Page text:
Not Working by Lisa Owens

 

You can see Lisa Owen’s editorial background in the layout of this book. The generous paragraphs mean that each one is like a vignette, and could almost be read separately or one at a time. It has a refreshing, contemporary feel.

This is a book which made me laugh out loud with its sharp wit and surprising warmth. At first you think you’re reading a novel about someone who clearly can’t have a normal relationship and who is a bit odd, but actually as it progresses you realise she could be you. She is confused and massively rubbish at lots of things, and therefore she is human.

Claire starts off with a plan, just like we all do – she’s relatively clear about what she’s hoping to achieve from quitting her job – she needs time to breathe, she needs to see clearly why her life on this earth is worth anything. But as the story progresses, we are let in on the secret that actually, before things can get better, they kind of have to get really quite a lot worse.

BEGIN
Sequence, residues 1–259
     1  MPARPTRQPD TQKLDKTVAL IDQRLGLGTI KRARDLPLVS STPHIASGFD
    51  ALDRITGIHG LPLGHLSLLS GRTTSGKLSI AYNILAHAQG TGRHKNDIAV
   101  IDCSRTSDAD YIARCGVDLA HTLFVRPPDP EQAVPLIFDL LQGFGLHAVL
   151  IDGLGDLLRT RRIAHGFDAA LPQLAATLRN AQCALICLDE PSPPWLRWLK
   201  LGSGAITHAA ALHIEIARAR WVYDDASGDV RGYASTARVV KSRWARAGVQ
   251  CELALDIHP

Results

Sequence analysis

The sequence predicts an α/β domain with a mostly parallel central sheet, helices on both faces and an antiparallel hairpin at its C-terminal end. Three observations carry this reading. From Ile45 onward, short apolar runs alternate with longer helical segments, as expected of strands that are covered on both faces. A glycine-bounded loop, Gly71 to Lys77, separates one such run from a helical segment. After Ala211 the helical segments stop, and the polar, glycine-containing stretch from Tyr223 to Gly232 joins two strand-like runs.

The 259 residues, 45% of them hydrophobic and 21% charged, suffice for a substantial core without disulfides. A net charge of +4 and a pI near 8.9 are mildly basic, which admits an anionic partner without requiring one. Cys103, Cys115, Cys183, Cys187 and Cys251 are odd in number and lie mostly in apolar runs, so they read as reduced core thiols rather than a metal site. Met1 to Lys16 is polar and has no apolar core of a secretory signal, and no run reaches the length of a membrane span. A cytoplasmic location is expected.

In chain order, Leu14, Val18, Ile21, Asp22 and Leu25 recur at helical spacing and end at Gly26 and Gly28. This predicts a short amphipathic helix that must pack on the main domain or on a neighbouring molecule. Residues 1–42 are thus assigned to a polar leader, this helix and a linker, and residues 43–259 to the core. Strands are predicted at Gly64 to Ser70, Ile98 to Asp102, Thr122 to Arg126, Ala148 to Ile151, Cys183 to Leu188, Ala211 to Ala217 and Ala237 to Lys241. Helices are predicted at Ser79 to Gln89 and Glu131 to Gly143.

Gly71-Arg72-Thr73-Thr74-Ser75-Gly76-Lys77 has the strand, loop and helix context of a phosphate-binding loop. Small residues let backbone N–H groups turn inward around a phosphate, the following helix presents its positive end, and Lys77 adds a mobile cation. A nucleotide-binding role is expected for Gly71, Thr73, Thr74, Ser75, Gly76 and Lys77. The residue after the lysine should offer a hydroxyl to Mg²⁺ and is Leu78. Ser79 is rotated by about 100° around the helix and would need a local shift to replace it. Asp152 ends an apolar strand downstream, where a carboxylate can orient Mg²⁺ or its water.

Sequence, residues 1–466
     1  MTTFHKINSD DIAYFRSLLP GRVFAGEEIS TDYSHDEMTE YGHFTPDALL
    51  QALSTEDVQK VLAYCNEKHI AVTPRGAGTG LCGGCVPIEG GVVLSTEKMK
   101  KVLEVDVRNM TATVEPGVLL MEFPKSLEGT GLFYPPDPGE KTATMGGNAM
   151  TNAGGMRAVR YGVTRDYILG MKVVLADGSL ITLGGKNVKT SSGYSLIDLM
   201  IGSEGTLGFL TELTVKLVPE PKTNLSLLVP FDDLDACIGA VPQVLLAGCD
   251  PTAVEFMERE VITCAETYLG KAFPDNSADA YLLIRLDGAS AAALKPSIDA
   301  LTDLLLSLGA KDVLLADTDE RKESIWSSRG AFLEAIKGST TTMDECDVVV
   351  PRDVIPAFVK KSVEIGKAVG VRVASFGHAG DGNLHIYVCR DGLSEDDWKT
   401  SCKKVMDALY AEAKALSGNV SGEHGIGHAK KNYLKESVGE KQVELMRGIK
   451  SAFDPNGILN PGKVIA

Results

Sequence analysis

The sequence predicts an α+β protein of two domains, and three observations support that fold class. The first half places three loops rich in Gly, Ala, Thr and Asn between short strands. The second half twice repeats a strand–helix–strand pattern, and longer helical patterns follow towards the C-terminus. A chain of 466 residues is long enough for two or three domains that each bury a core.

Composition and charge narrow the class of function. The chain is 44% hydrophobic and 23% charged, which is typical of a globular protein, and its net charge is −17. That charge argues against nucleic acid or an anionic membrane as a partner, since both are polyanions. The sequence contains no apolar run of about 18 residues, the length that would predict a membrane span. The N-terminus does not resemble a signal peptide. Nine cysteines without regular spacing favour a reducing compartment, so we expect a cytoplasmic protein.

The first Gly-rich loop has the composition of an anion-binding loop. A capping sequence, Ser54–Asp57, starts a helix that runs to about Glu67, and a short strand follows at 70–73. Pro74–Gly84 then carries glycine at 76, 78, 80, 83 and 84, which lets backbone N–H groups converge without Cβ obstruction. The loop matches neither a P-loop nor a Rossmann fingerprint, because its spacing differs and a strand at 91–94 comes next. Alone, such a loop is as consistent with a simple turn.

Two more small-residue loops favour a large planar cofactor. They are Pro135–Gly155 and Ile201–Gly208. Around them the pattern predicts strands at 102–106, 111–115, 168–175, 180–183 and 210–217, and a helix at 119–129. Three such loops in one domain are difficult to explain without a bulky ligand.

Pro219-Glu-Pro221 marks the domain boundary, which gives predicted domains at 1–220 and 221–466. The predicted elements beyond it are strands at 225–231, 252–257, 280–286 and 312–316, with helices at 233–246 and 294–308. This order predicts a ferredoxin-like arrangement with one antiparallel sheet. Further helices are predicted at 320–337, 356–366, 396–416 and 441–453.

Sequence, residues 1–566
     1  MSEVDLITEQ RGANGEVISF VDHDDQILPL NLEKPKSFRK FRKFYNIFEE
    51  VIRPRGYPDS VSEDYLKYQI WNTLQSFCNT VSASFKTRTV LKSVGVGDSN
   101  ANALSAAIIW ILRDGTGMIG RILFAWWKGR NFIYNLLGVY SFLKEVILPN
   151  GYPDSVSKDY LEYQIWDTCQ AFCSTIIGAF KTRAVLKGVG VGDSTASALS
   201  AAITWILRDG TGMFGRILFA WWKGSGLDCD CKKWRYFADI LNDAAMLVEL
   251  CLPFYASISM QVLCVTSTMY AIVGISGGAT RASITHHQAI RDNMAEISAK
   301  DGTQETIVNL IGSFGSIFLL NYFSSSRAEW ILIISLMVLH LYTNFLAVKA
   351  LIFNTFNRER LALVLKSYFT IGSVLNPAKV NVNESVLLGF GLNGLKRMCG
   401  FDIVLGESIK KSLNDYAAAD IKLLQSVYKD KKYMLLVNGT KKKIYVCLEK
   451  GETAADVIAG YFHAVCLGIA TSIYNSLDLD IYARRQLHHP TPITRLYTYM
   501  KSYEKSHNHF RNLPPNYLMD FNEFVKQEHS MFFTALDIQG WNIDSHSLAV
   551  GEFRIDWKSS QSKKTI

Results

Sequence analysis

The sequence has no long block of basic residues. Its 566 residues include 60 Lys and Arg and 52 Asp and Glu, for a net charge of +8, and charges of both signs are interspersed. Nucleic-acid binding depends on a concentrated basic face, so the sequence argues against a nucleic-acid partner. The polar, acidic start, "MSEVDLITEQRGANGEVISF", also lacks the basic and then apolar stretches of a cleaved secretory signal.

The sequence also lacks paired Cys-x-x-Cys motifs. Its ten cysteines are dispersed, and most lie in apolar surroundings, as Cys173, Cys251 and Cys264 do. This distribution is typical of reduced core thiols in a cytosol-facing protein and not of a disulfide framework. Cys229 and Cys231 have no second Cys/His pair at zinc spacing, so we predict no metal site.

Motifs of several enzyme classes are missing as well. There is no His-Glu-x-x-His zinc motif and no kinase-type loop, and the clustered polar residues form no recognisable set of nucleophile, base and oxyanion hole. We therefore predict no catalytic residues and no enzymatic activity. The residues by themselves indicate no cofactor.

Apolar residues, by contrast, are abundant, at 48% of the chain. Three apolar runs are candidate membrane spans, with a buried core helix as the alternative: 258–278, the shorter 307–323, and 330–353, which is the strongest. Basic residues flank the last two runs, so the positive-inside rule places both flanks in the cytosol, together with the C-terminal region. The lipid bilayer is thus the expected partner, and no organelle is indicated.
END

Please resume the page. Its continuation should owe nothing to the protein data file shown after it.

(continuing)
Initially I disliked various people in her life and of course this is because it’s Claire’s take on things. When we meet her she is slightly twisted and is frankly quite messed up and so her nearest and dearest reflect that. But as the story goes on and we get to know them better, we see them for what they are. Flawed, eccentric, odd, individual. Mostly caring people with their own shit going on. Claire is so bound up in her own little drama’s she often forgets that all around her other people are also having their own little dramas. Owens sums all this up with to the point sentences, neat observations and interesting dialogue.

The relationship between Claire and her dad is particularly poignant. Here’s a man who is slightly in awe of his unpredictable daughter but always seems to have faith in her. One particular scene at the end I re-read several times because I thought it was so beautifully observed, and made me feel nostalgic and all fuzzy inside.

In short, I loved this book – you think you’re reading a story about a woman who gives up her job to figure out what to do next, but actually you’re reading a book about how it is to be human and to mess things up, but how love and friendships can lift you up from the lowest places. A great read.

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